Within 24 hours of the job posting, 45 applicants have shown interest in joining the federal government to build an in-house CBDC.
The Federal Reserve Bank of San Francisco (San Francisco Fed) is on the lookout for a software engineer who can help develop and implement example systems related to a central bank digital currency (CBDC).
On Feb. 18, SF Fed posted a job opening for a “senior application developer - digital currency.” The candidate is expected to aid the Federal Reserve in designing and implementing systems critical to CBDC research. Revealing its intention, SF Fed’s post read:
“Given the dollar’s important role, Federal Reserve System seeks to further understand the cost and benefits of the potential technologies for central bank digital currencies, and how the system better understand this emerging field.”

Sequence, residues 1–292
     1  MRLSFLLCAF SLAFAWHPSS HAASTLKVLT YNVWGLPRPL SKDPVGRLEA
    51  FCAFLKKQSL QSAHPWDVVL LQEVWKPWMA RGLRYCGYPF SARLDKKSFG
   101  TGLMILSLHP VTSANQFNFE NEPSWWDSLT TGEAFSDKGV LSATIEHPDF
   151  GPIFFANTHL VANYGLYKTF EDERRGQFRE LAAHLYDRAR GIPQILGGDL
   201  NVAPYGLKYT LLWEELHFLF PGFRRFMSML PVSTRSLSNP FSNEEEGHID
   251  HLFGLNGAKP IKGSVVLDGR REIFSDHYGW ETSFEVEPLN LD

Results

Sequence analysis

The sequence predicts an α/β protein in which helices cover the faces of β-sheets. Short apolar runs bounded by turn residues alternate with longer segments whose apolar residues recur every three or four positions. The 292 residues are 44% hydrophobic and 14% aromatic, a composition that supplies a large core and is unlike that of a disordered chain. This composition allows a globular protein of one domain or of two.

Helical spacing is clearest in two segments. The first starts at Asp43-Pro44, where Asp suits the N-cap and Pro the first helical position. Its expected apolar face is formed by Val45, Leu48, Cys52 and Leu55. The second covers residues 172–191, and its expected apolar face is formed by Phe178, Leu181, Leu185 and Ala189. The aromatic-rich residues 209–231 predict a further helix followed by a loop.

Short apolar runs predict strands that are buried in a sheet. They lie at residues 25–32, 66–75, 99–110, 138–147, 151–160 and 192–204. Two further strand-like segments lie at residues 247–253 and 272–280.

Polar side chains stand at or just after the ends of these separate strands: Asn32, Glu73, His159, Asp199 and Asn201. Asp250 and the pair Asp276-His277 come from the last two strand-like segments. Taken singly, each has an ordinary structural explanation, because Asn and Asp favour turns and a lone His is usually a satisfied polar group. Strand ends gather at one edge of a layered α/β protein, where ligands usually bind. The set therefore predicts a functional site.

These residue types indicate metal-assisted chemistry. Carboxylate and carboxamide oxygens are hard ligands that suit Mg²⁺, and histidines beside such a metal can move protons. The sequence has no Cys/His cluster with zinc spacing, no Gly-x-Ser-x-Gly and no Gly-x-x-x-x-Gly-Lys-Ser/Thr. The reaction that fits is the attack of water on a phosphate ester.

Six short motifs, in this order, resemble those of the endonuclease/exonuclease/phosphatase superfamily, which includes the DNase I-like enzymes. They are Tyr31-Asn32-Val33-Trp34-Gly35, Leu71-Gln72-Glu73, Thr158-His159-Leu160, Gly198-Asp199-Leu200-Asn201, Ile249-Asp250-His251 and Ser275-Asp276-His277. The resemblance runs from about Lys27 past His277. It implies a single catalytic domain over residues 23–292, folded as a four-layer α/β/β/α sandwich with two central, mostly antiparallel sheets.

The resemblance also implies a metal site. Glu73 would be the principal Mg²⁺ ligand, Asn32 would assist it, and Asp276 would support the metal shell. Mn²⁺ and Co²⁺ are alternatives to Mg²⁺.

Key responsibilities include developing systems related to CBDCs, identifying improvements and mitigating risks, to name a few. The job location is in San Francisco, California, with a base salary ranging from $110,300 to $176,300.
At the time of writing, 45 applicants have shown interest in joining the federal government to build an in-house CBDC.
“The software engineer engages directly with management, other developers on the team, development operations teams, and vendors to ensure the Federal Reserve is well-positioned to design, develop, and implement technology to support a CBDC as may be required by the Board of Governors,” SF Fed clarified its intentions.
Related: Russia to roll out CBDC pilot with real consumers in April
As major economies across the world test CBDCs as fiat’s natural progression, India onboarded 50,000 users and 5,000 merchants to test out its recently launched e-Rupi CBDC.
RBI deputy governor Rabi Sankar stressed that the government plans to proceed with CBDC testing in the smoothest way possible. He said:
“We want the process to happen, but we want the process to happen gradually and slowly. We are in no hurry to make something happen so quickly.”
India’s CBDC project is currently active across five cities, with nine more cities potentially gradually joining the pilot soon.